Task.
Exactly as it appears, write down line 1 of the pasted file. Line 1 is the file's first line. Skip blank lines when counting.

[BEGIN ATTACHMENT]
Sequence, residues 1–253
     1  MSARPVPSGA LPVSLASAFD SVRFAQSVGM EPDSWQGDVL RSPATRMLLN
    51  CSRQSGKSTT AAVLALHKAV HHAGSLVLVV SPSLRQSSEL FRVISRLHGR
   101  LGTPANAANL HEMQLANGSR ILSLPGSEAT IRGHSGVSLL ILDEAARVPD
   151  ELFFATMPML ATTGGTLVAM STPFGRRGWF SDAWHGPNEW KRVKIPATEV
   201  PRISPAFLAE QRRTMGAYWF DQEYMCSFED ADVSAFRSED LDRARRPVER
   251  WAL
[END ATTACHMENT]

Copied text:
Sequence, residues 1–253